Hawaii ferrel pack goat!!!!
#1
I just got back from Hawaii and was looking at the ferrel goats (Spanish goats) and thinking these guess are studs!!! They live in the Lava fields with very little water, crap food and never ending heat.  They are smaller in frame than my alpines but they sport some cool head gear.  If I ever moved to Hawaii I would live trap some of these little guys, demesticate then and tern then into packing machines.  Imagine if one of these things got some actual quality feed.  It would be awesome!!!


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#2
In a million years their descendants will either be the size of mice or the size of rhinos.
I don't drink beer, but if I did, I'd prefer Dos Equis.  Stay thirsty my friends!
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#3
I've heard good things about the Hawaiian feral goats. Saltphoenix is a forum member here and she lives in Hawaii. In fact, I hope she's ok with that volcano! I just now remembered that she's on the Big Island. I think her goats are either feral or half feral but I'm not sure.
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#4
(05-11-2018, 02:56 PM)Mike Wrote:   Imagine if one of these things got some actual quality feed.  It would be awesome!!!

or they would develop metabolic issues......
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Sabine from Germany
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#5
(05-11-2018, 09:04 PM)Sanhestar Wrote:
(05-11-2018, 02:56 PM)Mike Wrote:   Imagine if one of these things got some actual quality feed.  It would be awesome!!!

or they would develop metabolic issues......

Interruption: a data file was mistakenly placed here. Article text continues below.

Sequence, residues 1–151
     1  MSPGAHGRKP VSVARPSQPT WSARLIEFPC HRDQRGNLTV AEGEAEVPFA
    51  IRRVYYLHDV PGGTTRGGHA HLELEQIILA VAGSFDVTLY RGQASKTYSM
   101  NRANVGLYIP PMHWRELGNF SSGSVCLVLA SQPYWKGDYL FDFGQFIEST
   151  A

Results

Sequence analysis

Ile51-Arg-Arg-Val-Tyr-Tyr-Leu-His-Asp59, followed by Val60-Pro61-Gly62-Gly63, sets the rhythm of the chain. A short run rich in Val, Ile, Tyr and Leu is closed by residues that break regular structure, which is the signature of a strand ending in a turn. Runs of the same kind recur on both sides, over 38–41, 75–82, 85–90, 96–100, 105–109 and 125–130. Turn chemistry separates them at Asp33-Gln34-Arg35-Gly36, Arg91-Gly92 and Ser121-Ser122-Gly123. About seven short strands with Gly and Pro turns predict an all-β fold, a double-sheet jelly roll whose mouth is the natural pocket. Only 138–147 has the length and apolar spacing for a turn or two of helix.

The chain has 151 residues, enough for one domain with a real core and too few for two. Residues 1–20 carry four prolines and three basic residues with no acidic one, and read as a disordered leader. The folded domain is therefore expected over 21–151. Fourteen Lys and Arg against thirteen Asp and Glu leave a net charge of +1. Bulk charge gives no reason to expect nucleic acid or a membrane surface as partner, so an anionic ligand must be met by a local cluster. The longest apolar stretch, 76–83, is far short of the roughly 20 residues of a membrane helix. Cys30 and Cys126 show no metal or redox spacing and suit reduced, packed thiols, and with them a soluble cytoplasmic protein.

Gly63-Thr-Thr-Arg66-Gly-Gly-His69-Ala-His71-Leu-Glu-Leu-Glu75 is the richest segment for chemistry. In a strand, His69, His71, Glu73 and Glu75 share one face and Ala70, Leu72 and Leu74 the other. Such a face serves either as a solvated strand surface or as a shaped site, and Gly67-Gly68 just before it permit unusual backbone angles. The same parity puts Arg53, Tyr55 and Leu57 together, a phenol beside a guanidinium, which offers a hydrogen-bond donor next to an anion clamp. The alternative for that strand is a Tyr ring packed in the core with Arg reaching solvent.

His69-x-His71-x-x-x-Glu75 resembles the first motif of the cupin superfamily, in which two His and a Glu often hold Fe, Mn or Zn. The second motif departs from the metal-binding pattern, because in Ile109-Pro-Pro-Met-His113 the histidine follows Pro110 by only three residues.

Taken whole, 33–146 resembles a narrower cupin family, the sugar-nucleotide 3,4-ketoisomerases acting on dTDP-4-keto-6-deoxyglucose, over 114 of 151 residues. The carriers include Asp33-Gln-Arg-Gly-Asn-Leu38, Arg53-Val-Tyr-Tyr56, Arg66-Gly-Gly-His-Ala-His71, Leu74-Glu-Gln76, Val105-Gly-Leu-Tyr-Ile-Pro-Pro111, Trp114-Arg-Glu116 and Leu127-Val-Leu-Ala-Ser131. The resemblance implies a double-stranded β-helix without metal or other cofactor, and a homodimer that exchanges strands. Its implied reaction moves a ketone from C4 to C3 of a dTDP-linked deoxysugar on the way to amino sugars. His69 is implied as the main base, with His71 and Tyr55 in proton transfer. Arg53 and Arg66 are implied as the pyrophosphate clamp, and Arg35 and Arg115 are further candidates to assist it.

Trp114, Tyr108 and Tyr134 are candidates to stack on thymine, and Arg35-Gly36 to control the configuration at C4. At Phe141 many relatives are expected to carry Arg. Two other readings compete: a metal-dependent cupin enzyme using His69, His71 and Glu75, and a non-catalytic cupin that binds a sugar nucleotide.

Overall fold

Sanhestar,
Is there any science behind that?  I would guess that nature has provided these goats with the ability to eat a wide range of foods which has alowed goats to spead so easily all over the world.
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#6
yes, nature has provided all animals with the ability to adjust to a certain variety of habitats. Nonetheless there are limits to that adjustments when the changes are reversed too quickly.

You can find this in the many Native Breeds of horses that have adjusted to lean pastures. Put them onto "quality" pastures (whereas quality needs a closer definition) and you will see a rise in overweight and laminitis, followed by skin conditions, other hoof conditions and then the metabolic "crash down" of EMS and Cushing Syndrome.

Overfeed a goat and you will see laminitis, as well and also infection with clostridia bacteria (can't remember the English name for that). Push the young goats too fast with food and you will get joint and growth plate problems.
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Sabine from Germany
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#7
Well man, if I ever move to Hawaii, figure out how to legally and humany capture a couple little buck I will let you know how it turns out.  My money is they will be fine, but thanks for the info.  At some point all animals we consider to be domestic where wild so it must be possible.
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#8
Many of the captive-bred goats in Hawaii are recently descended from captured ferals, and some simply are ferals that have been brought back into captivity. I'm guessing you wouldn't have to capture a feral buckling. You could probably find a farmer who raises goats from the same bloodlines, but whose kids have been handled from birth. I'm not sure how much red tape there would be to ship from Hawaii to the continental U.S., but I imagine it wouldn't be too crazy. However, if you live up north, I imagine the change in climate might be harder on them than the change in diet. After generations in tropical heat, I don't know how well they'd adapt to snow.
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#9
I would only try Hawaiin goats out if I lived in Hawaii.  I think you are correct about the change in climate and airplane rides are really rough on animals.
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